July 1, 1920 - reprinted December 12, 1984
Miss Frances L. Vrbicky of Howells and Joseph Smejkal of near Clarkson, were married Wednesday morning at 7 o’clock at St. John’s Catholic church in Howells by the Rev. J. Drbal. Attending the couple were Miss Vlasta Smejkal, sister of the groom, and Theodore Urbanek, a close friend of the couple.
After the ceremony, their attendants and their many friends joined them at the home of the bride's parents, Mr. and Mrs. John Vrbicky, where a feast was laid in their honor.
In the late afternoon, the newly wedded couple left for a wedding tour of an indefinite time which will include a visit with relatives at numerous points in Wisconsin. They will be at home July 15 at the fine farm owned by the groom’s father, five miles northeast of Clarkson. Mr. Smejkal is the son of Mr. and Mrs. Alois Smejkal.
Endeavoring to reach home safely before the approaching rain Monday evening, Wm. Svoboda and Emil Zrust were participants in an automobile wreck which took place on the cross road west of the G. A. Koza residence.
Both drivers were driving at a higher rate of speed and as the windshields were obstructed by the falling rain, either one did not see the approaching auto. Luckily the wreck was not serious. Mr. Svoboda sustained the loss of his windshield, an axle and a few other minor items, the car being able to reach home under its own power. The other car was much more damaged, the front axle and springs being completely torn from their places. We understand Mr. Zrust voluntarily called on William the following day and offered to pay the damages done to his car as he takes the responsibility onto himself, traveling on the wrong side of the road. Both vehicles were Ford cars.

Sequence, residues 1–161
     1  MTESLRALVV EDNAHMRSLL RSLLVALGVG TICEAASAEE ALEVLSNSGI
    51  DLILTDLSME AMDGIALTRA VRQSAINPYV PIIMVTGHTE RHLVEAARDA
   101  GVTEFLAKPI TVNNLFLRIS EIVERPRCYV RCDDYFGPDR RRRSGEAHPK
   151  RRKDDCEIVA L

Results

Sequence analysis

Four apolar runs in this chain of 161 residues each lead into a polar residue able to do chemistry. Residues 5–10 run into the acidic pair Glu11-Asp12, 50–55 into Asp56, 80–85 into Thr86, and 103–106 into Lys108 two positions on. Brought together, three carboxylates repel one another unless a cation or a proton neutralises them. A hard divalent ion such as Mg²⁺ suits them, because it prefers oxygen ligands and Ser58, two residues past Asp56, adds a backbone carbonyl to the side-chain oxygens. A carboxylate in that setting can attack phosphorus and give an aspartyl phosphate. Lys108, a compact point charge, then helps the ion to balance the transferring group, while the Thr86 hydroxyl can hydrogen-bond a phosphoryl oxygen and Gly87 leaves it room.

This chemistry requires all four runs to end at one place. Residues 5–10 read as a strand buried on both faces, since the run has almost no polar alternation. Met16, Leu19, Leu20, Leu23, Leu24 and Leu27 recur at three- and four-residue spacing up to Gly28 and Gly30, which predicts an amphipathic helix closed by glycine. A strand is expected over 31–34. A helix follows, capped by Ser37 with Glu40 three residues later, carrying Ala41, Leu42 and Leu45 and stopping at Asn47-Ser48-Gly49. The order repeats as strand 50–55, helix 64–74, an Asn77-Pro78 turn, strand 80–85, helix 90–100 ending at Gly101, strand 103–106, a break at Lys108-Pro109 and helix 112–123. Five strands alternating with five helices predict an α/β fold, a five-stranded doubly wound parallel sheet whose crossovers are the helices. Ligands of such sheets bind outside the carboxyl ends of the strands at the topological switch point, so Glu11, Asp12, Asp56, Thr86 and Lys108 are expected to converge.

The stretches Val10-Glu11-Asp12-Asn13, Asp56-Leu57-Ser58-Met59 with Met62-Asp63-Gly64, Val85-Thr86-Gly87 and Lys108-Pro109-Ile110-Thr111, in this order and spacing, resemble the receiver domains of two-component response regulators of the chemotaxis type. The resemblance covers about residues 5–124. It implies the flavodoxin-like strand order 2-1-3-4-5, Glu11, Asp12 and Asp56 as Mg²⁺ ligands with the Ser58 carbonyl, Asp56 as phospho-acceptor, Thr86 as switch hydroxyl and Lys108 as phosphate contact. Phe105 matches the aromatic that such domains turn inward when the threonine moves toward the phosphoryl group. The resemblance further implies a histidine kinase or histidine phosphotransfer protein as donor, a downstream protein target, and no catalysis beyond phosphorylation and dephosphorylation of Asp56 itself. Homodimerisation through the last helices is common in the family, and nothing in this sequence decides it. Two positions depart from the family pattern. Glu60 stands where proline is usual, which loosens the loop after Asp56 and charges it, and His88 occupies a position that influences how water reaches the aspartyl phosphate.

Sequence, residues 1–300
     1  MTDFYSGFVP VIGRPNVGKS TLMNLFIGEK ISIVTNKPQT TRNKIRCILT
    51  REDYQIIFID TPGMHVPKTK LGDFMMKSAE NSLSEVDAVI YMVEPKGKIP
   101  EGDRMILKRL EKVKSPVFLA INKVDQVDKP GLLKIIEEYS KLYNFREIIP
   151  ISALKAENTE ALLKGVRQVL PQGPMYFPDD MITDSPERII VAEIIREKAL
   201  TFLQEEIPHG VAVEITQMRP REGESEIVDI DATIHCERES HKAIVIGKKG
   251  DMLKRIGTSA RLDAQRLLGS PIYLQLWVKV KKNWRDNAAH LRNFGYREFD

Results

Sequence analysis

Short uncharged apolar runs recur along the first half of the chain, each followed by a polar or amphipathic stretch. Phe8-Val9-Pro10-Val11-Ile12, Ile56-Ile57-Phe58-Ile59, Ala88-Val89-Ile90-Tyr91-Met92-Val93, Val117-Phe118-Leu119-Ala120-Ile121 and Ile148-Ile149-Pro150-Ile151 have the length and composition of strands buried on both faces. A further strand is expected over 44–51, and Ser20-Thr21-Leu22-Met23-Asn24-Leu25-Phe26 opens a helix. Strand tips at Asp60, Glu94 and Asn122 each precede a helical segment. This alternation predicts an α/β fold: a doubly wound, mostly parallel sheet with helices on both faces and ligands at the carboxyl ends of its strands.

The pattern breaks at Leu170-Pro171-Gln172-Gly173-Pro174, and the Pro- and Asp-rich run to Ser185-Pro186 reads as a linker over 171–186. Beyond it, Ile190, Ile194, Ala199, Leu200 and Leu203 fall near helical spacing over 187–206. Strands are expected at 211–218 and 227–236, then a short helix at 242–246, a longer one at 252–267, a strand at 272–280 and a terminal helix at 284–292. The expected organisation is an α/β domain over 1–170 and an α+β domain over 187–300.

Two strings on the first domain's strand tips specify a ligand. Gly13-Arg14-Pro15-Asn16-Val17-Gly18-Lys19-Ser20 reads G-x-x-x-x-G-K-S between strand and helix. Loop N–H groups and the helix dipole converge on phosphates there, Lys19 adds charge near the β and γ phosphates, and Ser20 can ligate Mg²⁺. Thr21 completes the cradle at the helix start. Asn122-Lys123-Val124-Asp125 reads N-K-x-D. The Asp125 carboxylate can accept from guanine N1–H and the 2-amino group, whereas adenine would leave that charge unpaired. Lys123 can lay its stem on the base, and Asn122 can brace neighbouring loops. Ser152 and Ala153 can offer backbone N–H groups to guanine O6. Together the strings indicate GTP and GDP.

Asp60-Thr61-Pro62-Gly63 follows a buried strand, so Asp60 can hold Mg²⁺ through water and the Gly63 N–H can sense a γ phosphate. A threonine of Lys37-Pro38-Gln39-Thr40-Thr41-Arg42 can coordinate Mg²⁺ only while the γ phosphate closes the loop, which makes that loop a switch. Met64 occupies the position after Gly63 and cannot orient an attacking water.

The list of Ford owners seem to grow weekly, Prazak Motor Co. reports the following sales: Ford runabout to Wm. Johnson; a coupelet to Leonard Rozmarin; sedan to F. E. Schwartz; touring cars to M. J. Benes, Tom Nadrchal, Sr., Frank Juva, Jr., Rudolf Cada of Clarkson and John Novak of Howells. They also sold used Ford cars to Frank J. Brabec and F. C. Tomka.
This section of the country was visited by a terrific windstorm Thursday night which caused heavy damage to property on farms in the area. It is reported that the entire set of buildings on the Frank Vrbicky farm, northeast of Clarkson, were blown off their foundations and much damage was done to the orchard.
The large barn on the former Pavlis farm northwest of Leigh was also carried several feet from its lodgings. Reports came from various farmers that suffered windmill damages and other damages to buildings. The wind was soon followed by a heavy rain.
Rudolph F. Rosicky, a member of the 1920 graduating class at Clarkson high school, wrote a two-column story about the class which was to graduate in a few days.
July 1, 1920 - reprinted December 19, 1984
The condensed statements from reports May 15, 1920 of the five Folda Banks in Schuyler, Howells, Clarkson, Linwood and Rogers showed Deposits $2,733,314.33. Total Loans and Bonds were $2,526,791.17.
One does not remain long with a group of farmers until somebody asks what wheat or corn is going to be worth at harvest time. Rumors are floating about that there are contractors abroad in the land willing to contract wheat at $8 a bushel and corn at $2. Personally we have not seen any of these gentlemen who are so anxious for wheat and corn, but have no reason to doubt the word of men who have told us that they have been offered the price.
This week, James J. Hajek rented his nice farm northwest of Howells to Joseph Vedral of Ulm, Minn., the price in the contract being $12.50 per acre. Mr. Vedral was a one-time Howells resident, being employed at Pakes Meat Market.
The loud blasts of the siren whistle on Friday night, aroused the Howells firemen to answer a hurry call out in the country, information having been received by chief Frank Dickey, that a fire had been discovered at the Rudolph Telecky place, two miles west and 1/2 mile north.
The new truck and fire-fighting apparatus again made a demonstration in this time of dire need and nothing but the highest praise and compliments were given to the firemen and chief, especially by the Telecky household. Delay was encountered in giving the alarm as Mr. Telecky has no telephone and a car brought the news when the time used in driving could have been the time used by the truck going out.